British English or American English?



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Muke

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It's just a simple question: Which one do you prefer? Be it because of its spelling, pronounciation or whatever. Really wanna discuss about this!

Personally, I like AE more. I'm used to it. The spelling is better imo (theater vs theatre. color vs colour.) and I like the pronounciation more. Don't really know what else to say, heh.
 

Noir

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Well, I mean, I prefer British English, but that's because it's the one I was raised on, and use in every day life.
 

Magnus

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British English. Australian English gets an honourable mention!
 

Spem

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American English. It's easier to understand what they're saying (Because of the pronunciation, I think).
 

kirabook

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I have no idea. I'm american but mix the two up a lot.
And of course, I'm a typical lady that finds different accents from mine attractive, so an... English? accent is quite nice.
 

Bufferino

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Both are easy to comprehend.

(Of course, I grew up with Jamaican broken English and American English but w/e.)
 

VoidGear.

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Hard to say. Some things are better in british but I guess overall I prefer AE.
 

hemmoheikkinen

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The good old fashioned ralli englanti, rally English of course: [video]https://m.youtube.com/watch?v=oy1AS41ecHk[/video]

In a more serious note I am not too sure. I probably mix these two a lot without knowing it.
 

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American English. Stop adding u's to words where they don't belong.
 

Absent

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I can barely understand Americans so British English is out of the question. I mean if life had subtitles then I might consider it.
 

Sephiroth0812

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American English. Stop adding u's to words where they don't belong.
Yea, lol, except that all the words with the "extra" u's were there first and the "lazy" Americans just scratched them away, possibly also in a deliberate attempt to distance and differentiate themselves from their former colonial masters after the war of independence.

I've been raised on the British English (which was a standard in Germany back when I went to school, I don't know if this is still the case) but in everyday writing and use I've noticed that I often mix the two variants up although I'm aware someone should probably not do that.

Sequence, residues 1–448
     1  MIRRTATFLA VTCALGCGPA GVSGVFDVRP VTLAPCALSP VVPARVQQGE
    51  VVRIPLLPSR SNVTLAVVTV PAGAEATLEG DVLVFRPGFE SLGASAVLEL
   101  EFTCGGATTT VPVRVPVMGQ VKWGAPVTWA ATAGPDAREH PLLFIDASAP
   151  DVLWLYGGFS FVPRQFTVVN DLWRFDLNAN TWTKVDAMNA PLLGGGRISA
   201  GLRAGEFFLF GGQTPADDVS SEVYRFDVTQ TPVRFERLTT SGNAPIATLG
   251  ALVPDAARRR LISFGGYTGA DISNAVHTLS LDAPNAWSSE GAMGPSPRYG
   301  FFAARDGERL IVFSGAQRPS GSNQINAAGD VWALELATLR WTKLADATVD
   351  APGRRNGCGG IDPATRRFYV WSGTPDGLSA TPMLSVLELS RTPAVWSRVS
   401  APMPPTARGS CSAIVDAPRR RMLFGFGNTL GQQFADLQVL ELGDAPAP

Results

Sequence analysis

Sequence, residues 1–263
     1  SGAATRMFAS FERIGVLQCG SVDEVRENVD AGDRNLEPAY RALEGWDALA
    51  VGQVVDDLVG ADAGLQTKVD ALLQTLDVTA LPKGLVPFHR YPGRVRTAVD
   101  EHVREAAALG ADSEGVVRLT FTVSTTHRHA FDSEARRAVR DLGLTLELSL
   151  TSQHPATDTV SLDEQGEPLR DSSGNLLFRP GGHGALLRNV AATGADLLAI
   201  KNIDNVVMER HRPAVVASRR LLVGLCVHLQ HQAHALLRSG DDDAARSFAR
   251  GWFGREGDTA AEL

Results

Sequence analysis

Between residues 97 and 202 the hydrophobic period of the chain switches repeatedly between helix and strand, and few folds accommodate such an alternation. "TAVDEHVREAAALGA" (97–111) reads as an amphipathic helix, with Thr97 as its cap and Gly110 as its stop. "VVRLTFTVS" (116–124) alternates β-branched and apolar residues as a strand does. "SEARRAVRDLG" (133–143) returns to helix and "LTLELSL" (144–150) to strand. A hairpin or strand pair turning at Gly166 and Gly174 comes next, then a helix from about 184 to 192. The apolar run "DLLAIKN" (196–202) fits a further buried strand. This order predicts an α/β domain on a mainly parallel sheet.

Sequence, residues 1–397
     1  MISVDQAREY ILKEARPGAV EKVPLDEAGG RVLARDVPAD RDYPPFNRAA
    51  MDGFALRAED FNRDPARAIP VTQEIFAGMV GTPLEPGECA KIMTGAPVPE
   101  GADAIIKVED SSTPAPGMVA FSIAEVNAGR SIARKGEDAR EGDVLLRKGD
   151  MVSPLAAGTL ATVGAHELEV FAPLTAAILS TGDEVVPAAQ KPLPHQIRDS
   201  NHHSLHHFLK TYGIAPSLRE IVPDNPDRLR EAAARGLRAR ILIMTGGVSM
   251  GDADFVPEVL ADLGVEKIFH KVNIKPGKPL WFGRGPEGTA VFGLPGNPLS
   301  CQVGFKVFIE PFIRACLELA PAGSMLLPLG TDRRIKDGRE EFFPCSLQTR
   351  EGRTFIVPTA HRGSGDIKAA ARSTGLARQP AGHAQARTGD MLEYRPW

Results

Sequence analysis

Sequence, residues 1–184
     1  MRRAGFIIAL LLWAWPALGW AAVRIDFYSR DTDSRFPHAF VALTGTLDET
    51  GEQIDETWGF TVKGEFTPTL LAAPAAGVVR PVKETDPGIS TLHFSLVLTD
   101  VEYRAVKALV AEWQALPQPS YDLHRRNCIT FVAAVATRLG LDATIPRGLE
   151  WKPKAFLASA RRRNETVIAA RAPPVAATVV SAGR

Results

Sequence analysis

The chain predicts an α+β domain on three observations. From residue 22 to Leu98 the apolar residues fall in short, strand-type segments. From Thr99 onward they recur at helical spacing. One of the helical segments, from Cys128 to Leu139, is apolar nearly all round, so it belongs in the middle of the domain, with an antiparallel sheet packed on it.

Besides the extra-u issue in some words there are also some distinct different words though as i.e. a strict user of British English would never call his/her abode an apartment, it is a flat.
The automated cabin with which you can move between different heights in a house is not an elevator, it is a lift.
The glass in front of a car through which one looks while driving is not a windshield, it is a windscreen.

There are many more of such examples and at least I personally tend to use some of these interchangeably without even consciously noticing it.

So I haven't really a preference when it comes to written correspondence, although in actual spoken interaction I tend to believe that the American pronunciation is simply more widespread and better known worldwide nowadays.

I remember one of my English Teachers used to say (in an ironic tone of course) that British English tends to be spoken by people with a higher education, nobility, intellectuals and snobs while American English is more for the mob, common people, thugs and crooked or immoral business sharks.

Of course these are totally cliché in every way...maybe these "observations" are leftovers from old times where the British, especially the British nobility, were still freshly sour about Washington successfully liberating the colonies?
 

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When I was younger I liked using British English just cause that's the kind we studied in English class in Greece, but now that I have had primarily American education, it's just more natural for me to use that. So I prefer American.
 

Muke

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I've been raised on the British English (which was a standard in Germany back when I went to school, I don't know if this is still the case) but in everyday writing and use I've noticed that I often mix the two variants up although I'm aware someone should probably not do that.
I know you're talking about Germany, but that's not the case in Austria anymore. Just wanted to say, heh
 

Magnus

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Yea, lol, except that all the words with the "extra" u's were there first and the "lazy" Americans just scratched them away, possibly also in a deliberate attempt to distance and differentiate themselves from their former colonial masters after the war of independence.